Skinner et al., 2013a

Skinner MK, Guerrero-Bosagna C, Haque M, Nilsson E, Bhandari R, McCarrey JR, “Environmentally induced transgenerational epigenetic reprogramming of primordial germ cells and the subsequent germ line,” PLoS One, 2013, 8:7, DOI: 10.1371/journal.pone.0066318.  (Erratum in PLoS One. 2013;8(7). DOI:10.1371/annotation/7683bb48-85db-4c7e-87c0-304a7d53a587.)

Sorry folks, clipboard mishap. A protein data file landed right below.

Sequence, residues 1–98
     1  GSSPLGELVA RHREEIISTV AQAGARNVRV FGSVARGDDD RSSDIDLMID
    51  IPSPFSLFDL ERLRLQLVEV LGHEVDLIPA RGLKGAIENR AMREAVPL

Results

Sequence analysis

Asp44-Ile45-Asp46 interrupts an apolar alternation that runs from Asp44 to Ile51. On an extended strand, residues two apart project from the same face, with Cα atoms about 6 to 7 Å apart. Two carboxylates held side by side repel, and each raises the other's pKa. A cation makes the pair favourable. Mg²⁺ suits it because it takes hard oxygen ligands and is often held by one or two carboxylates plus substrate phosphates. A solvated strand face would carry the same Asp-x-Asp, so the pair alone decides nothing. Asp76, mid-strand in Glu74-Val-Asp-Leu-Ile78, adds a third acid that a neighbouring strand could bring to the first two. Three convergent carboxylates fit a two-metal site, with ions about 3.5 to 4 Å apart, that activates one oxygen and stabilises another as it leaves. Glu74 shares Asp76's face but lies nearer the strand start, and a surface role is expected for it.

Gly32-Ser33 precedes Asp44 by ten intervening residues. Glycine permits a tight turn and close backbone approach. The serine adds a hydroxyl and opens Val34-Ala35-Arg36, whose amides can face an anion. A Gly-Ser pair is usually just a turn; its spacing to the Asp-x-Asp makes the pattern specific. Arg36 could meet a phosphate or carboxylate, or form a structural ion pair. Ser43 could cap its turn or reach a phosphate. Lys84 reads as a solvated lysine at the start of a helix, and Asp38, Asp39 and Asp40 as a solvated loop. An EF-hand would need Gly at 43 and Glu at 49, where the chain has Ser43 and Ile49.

ABSTRACT: A number of environmental factors (e.g. toxicants) have been shown to promote the epigenetic transgenerational inheritance of disease and phenotypic variation. Transgenerational inheritance requires the germline transmission of altered epigenetic information between generations in the absence of direct environmental exposures. The primary periods for epigenetic programming of the germ line are those associated with primordial germ cell development and subsequent fetal germline development. The current study examined the actions of an agricultural fungicide vinclozolin on gestating female (F0 generation) progeny in regards to the primordial germ cell (PGC) epigenetic reprogramming of the F3 generation (i.e. great-grandchildren). The F3 generation germline transcriptome and epigenome (DNA methylation) were altered transgenerationally. Interestingly, disruptions in DNA methylation patterns and altered transcriptomes were distinct between germ cells at the onset of gonadal sex determination at embryonic day 13 (E13) and after cord formation in the testis at embryonic day 16 (E16). A larger number of DNA methylation abnormalities (epimutations) and transcriptional alterations were observed in the E13 germ cells than in the E16 germ cells. These observations indicate that altered transgenerational epigenetic reprogramming and function of the male germline is a component of vinclozolin induced epigenetic transgenerational inheritance of disease. Insights into the molecular control of germline transmitted epigenetic inheritance are provided.   FULL TEXT